Silver Revolutionary Souvenir ‘Peso’ Struck to Back Cuban Liberation

Souvenir pesos were privately struck in Philadelphia beginning in 1897 to help finance the Cuban revolution. It shows a personification of Liberty on the obverse. (Photo: Heritage Auctions)

By Gerald Tebben

Can you name a silver piece minted in Philadelphia in 1897 that has the designer’s initial “M” on the reverse and not on the obverse? Here’s a hint: It’s not the Morgan dollar, which has a tiny “m” for U.S. Mint Engraver George Morgan at the base of the bust on the obverse and in the bow on the reverse.

And the “m” doesn’t stand for Morgan, and the “mint” where the piece was struck usually produced railroad parts.

The 1897 Cuban souvenir peso is an extraordinary item. Issued by Cuban revolutionaries, it is at once a statement of national aspiration, a way to raise funds for the liberation effort and a unit of exchange.

The piece, which shows a personification of Liberty on the obverse and the coat of arms on the reverse, was designed by Phillip Martiny. He placed a tiny m on the shield on the peso’s reverse.

The first few hundred pieces were struck at Philadelphia’s Dunn Air-Brake Co. For decades, the peso’s “mint’s” location has been described as the southeast corner of 19th and Spring streets. However, the two streets don’t intersect. If they did, they would intersect in the middle of Swann Fountain in Logan Square. A more likely location for the plant was 19th and Spring Garden streets.

In the late 19th century, much of the city’s Cuban population lived in the Spring Garden neighborhood. The city’s Spanish Chapel is just a few doors from the intersection of 19th and Spring Garden Streets.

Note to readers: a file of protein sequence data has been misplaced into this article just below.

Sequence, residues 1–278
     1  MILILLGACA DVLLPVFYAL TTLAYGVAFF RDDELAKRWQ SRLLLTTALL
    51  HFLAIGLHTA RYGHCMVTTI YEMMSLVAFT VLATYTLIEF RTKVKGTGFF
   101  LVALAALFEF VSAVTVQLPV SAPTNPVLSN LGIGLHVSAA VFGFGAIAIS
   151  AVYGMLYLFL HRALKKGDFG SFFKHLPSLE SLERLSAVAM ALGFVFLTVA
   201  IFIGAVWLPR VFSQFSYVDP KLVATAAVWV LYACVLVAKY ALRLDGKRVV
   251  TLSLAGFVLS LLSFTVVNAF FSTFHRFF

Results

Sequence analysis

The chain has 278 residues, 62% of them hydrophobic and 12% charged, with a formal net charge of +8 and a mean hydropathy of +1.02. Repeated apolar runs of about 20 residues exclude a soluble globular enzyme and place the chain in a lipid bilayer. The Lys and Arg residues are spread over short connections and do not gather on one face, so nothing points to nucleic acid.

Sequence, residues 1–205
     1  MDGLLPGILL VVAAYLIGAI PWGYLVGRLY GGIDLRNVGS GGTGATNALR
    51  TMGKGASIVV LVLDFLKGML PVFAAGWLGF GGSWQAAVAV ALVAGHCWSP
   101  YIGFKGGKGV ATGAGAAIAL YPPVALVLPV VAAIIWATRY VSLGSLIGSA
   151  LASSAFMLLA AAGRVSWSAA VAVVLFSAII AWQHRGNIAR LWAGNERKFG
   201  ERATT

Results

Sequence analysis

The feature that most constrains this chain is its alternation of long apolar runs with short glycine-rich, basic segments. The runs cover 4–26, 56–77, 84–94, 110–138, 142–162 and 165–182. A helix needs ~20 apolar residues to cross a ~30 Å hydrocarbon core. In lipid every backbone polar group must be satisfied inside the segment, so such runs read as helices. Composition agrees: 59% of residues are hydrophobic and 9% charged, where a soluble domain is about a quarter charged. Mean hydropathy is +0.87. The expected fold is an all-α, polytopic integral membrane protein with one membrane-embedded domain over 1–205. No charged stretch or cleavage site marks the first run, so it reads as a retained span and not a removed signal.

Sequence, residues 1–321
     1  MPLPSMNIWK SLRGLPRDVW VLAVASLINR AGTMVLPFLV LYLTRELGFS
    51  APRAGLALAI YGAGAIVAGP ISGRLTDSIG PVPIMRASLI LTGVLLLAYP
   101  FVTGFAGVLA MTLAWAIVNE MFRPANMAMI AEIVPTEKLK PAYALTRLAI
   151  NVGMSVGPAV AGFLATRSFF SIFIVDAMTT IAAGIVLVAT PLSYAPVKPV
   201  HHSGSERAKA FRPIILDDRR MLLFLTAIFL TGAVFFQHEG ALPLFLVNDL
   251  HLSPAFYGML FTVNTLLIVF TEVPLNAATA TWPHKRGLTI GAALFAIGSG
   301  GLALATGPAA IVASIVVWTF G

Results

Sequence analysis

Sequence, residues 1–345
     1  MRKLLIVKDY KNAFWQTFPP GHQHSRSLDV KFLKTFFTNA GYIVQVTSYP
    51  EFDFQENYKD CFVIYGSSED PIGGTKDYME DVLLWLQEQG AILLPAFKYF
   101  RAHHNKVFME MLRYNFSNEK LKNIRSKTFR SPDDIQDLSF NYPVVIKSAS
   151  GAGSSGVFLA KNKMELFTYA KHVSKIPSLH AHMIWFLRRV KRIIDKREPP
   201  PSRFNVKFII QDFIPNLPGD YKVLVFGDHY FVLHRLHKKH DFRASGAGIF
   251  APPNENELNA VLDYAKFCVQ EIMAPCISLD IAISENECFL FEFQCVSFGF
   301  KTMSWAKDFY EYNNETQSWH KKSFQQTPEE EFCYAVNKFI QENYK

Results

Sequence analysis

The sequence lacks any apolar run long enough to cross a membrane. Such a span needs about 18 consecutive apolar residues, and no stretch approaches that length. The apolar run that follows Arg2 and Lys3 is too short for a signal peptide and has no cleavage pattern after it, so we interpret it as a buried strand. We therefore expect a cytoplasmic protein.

The piece was the brainchild of Andrew J. Cobe, a New York investment banker, who proposed a “souvenir of about the same size, weight and fineness of the Columbian half dollar” that would be sold for $1 apiece to raise funds for the revolution.

The reverse of the souvenir peso shows the coat of arms. The coin, designed by Phillip Martiny, features a tiny “m” near the bottom point on the shield. (Photo: Heritage Auctions)

On May 11, 1897, a contract was signed with Gorham Manufacturing, but the silver company was not immediately able to produce the pieces. Dunn, using planchets and dies provided by Gorham, struck the first 828 pieces in July. These pieces are distinguished by a widely spaced date and command a considerable premium. 

In August, Gorham struck an additional 9,142 pieces at its Providence, R.I., mint.

The United States declared war on Spain after the battleship U.S.S. Maine exploded in Havana harbor on Feb. 15, 1898, and liberated Cuba in August.

The 1897 pieces have no statement of denomination and bear the legend “souvenir” to avoid possible counterfeiting charges. In 1898, the Cuban liberation movement contracted with Gorham for an additional 1,000 pieces. These give the denomination as “un peso.”

Today, uncirculated 1897 Dunn pieces retail for about $2,500, Gorham 1897 pieces start at about $300 and 1898 pesos fetch $3,500.

In 1902, when Cuba formally gained independence, all 1897 and 1898 pieces were accepted as legal tender.

Gerald Tebben, a longtime numismatist, is editor of the Central States Numismatic Society’s Centinel and a contributing writer to Coin World.

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